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Physical significance of Refractive index

by mikeanndy
Tags: refractive index
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mikeanndy
#1
Dec10-12, 12:45 PM
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What is the physical significance of Refractive Index(RI) ?
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Drakkith
#2
Dec10-12, 04:29 PM
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Can you be more specific in your question? What exactly are you wanting to know?
davenn
#3
Dec10-12, 07:45 PM
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Quote Quote by mikeanndy View Post
What is the physical significance of Refractive Index(RI) ?
well for work I have done in petrology ( study of minerals) refractive index is very significant because dofferent minerals can be identified by they refractive indicies

just one example :)

Dave

ThereIam
#4
Dec10-12, 07:54 PM
P: 58
Physical significance of Refractive index

The refractive index relates how quickly light travels through a given medium. It's a the number by which you divide the speed of light in a vacuum to get the speed of light in the given medium. Or, the number by which you divide the wavelength of the light in a vacuum to get the wavelength of the light the given medium.

I'd recommend looking at the Wikipedia article:

http://en.wikipedia.org/wiki/Refractive_index
Philip Wood
#5
Dec11-12, 05:46 AM
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So when the light changes medium it changes speed. If the light beam approaches the interface between media obliquely, this change of speed gives rise to refraction: a change in the direction of travel of the beam. A very simple formula (see wikipedia article on refraction) links angles of the beam to the normal in the two media to the ratio of refractive indices of the media.
Andy Resnick
#6
Dec11-12, 08:42 AM
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Quote Quote by mikeanndy View Post
What is the physical significance of Refractive Index(RI) ?
The refractive index is used in the continuum model of matter and parametrizes how matter interacts with electromagnetic radiation. The refractive index is used to describe reflection, refraction, dispersion, absorption, birefringence, and various nonlinear effects (Kerr, harmonic generation, self-phase modulation, etc.).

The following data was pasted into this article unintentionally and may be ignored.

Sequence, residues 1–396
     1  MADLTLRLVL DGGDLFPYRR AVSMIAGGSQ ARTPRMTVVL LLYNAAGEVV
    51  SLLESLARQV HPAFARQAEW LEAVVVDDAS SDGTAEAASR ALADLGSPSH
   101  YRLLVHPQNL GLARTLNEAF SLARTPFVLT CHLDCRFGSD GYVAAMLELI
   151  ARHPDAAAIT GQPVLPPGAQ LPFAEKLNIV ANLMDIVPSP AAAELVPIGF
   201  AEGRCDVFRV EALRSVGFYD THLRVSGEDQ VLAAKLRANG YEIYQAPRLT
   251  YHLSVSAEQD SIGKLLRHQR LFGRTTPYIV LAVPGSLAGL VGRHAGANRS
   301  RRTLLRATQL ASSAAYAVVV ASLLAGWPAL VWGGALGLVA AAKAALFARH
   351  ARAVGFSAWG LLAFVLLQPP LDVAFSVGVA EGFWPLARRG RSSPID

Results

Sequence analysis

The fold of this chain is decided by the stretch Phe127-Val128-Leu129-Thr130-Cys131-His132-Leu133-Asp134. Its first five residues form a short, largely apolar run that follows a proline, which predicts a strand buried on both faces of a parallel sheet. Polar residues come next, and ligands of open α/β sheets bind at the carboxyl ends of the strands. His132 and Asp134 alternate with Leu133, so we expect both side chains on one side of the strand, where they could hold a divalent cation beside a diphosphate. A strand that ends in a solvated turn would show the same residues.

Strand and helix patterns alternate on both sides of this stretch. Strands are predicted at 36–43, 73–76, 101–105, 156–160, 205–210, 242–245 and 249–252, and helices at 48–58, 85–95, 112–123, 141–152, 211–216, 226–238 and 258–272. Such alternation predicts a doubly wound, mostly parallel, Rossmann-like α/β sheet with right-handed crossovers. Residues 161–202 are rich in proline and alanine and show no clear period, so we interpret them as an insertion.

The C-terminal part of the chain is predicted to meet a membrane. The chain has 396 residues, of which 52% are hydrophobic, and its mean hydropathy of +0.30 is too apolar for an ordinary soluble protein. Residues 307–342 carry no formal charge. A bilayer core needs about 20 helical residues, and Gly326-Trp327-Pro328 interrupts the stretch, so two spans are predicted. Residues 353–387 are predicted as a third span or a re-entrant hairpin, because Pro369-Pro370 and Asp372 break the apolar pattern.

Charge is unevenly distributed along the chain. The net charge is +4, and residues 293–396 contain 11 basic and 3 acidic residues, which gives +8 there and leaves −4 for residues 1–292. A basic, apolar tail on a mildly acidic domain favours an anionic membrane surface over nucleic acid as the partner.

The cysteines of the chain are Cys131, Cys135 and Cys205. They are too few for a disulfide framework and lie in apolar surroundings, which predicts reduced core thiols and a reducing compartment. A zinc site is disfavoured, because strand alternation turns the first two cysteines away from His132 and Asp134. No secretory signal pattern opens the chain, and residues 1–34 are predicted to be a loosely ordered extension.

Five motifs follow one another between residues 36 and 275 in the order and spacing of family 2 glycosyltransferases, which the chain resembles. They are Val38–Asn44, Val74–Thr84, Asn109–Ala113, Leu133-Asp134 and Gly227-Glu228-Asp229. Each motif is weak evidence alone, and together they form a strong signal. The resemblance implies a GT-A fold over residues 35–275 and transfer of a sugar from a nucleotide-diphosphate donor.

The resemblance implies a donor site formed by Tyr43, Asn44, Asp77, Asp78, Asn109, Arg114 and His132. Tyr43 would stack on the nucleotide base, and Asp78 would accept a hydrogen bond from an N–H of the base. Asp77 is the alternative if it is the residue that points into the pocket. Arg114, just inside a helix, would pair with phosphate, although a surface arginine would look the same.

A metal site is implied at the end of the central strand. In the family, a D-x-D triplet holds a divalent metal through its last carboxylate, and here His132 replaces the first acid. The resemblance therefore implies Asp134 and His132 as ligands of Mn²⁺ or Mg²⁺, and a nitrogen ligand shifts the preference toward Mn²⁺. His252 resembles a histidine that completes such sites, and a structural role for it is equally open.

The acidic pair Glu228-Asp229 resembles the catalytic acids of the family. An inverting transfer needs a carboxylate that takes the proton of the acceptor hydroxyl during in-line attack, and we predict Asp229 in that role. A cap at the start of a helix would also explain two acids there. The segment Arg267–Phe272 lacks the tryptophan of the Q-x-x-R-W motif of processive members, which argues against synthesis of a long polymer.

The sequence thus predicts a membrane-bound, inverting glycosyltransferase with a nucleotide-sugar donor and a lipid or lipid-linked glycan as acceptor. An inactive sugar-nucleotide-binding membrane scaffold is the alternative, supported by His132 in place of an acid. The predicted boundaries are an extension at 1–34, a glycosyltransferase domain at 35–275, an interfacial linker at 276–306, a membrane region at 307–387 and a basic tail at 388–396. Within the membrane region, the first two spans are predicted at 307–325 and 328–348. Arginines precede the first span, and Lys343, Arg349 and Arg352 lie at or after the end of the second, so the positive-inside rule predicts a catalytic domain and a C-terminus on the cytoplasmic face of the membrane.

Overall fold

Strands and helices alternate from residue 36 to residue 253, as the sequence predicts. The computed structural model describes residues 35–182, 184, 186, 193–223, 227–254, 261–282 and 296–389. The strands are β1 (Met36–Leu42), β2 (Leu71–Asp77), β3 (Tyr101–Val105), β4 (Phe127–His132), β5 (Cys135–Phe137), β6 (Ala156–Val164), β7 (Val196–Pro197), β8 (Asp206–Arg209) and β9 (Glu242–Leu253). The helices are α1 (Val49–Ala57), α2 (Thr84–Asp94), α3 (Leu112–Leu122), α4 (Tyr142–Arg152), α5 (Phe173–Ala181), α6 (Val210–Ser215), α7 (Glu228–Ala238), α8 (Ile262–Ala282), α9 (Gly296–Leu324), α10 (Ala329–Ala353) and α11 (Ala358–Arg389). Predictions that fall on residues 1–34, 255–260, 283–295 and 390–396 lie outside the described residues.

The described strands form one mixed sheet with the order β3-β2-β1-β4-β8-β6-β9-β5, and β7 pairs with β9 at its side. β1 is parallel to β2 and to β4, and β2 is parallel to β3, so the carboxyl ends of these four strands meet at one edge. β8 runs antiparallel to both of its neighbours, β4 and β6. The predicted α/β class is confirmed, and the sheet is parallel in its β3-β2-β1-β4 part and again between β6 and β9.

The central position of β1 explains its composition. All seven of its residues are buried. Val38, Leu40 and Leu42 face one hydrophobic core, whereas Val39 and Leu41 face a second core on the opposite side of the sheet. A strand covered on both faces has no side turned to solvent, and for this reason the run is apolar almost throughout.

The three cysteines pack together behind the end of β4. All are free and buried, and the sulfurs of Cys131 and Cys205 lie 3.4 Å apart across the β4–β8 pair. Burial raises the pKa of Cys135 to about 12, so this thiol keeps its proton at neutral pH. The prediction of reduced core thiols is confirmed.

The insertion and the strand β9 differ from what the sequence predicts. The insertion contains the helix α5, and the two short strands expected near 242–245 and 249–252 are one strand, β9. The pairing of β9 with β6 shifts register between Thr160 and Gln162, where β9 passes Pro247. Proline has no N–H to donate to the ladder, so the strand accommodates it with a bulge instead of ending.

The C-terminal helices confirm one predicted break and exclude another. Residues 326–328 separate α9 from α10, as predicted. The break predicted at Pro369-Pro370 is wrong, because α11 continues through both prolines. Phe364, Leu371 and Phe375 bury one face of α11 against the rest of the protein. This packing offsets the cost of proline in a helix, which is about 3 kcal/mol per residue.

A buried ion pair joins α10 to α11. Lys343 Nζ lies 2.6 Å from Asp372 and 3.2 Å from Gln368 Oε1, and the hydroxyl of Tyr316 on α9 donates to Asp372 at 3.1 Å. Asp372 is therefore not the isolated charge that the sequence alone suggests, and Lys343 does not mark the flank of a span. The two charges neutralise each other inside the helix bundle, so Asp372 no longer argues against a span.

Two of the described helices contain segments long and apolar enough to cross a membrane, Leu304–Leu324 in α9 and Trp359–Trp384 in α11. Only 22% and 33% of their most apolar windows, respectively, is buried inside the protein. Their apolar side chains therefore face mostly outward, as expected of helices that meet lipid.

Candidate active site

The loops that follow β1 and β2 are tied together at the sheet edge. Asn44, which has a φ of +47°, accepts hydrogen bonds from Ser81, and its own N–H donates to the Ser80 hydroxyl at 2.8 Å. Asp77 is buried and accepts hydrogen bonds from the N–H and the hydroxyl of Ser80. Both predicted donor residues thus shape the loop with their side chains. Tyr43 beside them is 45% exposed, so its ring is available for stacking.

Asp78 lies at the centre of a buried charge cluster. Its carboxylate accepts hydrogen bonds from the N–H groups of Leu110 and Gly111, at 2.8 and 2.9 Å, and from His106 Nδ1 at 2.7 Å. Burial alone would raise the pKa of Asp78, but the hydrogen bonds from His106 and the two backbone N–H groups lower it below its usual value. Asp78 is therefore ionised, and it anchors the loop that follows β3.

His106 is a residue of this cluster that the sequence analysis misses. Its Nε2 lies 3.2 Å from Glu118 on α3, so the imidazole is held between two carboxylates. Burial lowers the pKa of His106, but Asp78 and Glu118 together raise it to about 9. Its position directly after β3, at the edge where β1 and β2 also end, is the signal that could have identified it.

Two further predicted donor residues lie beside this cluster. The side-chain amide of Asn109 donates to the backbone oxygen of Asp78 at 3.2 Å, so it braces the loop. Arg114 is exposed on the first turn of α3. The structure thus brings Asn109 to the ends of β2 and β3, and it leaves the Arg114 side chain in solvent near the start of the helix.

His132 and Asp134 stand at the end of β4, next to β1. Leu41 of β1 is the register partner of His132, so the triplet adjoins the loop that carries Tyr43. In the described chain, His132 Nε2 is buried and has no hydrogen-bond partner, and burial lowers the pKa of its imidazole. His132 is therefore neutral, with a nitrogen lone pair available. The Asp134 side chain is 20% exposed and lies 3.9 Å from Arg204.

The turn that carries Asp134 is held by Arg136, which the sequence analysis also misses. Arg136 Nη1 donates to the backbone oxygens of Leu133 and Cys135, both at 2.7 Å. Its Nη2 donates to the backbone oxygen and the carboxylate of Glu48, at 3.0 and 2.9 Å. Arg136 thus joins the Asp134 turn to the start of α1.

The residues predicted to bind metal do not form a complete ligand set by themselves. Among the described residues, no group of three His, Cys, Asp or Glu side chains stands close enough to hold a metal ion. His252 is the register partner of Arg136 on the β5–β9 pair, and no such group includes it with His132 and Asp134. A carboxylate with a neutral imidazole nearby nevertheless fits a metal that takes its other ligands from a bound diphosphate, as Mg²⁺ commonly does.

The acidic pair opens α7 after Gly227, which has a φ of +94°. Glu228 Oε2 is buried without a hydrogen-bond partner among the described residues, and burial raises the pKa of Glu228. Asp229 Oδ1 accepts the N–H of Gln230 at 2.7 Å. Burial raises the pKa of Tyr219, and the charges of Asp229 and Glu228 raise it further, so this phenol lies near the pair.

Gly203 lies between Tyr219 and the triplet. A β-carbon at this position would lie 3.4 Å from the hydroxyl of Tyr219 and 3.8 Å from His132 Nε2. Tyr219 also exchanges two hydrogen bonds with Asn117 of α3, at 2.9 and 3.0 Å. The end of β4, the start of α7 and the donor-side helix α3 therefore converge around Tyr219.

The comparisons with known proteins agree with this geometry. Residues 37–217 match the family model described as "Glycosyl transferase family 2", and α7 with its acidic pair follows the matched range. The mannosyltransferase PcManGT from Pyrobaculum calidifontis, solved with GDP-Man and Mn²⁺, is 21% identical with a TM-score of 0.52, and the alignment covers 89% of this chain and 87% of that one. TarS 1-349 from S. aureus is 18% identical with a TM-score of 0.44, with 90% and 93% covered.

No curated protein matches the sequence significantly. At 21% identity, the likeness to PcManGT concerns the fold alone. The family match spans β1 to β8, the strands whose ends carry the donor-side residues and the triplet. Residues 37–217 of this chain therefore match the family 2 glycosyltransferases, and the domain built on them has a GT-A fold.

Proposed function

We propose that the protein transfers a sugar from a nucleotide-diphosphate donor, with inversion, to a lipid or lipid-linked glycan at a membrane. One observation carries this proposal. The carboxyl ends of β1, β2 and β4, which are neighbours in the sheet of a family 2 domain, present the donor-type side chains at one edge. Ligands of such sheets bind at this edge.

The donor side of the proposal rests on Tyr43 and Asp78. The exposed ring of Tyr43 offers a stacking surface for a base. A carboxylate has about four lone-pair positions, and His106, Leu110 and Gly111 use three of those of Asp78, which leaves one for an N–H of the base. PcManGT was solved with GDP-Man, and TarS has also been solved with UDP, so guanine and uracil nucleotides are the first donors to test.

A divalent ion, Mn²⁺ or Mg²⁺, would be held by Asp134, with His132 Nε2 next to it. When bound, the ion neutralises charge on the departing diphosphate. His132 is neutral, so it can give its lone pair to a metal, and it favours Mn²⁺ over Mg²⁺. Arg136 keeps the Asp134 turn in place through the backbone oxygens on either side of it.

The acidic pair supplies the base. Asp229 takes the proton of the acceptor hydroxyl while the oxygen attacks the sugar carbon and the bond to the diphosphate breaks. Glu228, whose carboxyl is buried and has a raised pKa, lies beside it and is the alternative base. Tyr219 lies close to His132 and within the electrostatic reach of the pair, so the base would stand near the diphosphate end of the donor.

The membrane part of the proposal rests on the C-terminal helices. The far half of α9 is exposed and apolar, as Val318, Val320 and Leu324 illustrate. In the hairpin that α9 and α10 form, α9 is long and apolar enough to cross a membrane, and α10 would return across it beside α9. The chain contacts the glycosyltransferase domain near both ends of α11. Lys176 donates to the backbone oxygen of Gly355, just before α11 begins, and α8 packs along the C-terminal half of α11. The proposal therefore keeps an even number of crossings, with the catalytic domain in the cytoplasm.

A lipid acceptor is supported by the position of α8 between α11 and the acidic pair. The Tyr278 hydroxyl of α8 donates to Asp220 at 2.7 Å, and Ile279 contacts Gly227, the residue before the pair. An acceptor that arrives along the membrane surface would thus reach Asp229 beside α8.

The refractive index can be 'split' into the permittivity and permeability, referring to how the material responds to either an electric or magnetic field, and can then be used to model additional material properties.
sophiecentaur
#7
Dec12-12, 12:20 PM
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Refractive index is actually a complex quantity and it includes a loss component which may be significant in some materials.
DeShark
#8
Dec12-12, 01:50 PM
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Refractive index is not only complex, but depends on the frequency of the light for a given material. Generally, though, it's stated for yellow light (more precisely the doublet sodium D-line).

The fact that the refractive index depends on the frequency of light accounts for things such as the greenhouse effect, whereby a material (such as glass) can absorb certain wavelengths, but allows other wavelengths to pass through. It also accounts for a prism splitting the light up into it's different colours.
andrien
#9
Dec13-12, 12:48 AM
P: 1,020
one can derive an expression for refractive index in classical electrodynamics if one assumes that electron is bounded to atom by a restoring force.
sophiecentaur
#10
Dec13-12, 03:04 AM
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The Appleton Hartree equation derives the complex refractive index for EM waves in a plasma. Useful for predictions of Ionospheric Propagation using ray tracing methods, for example. It gives speed and loss in the medium.


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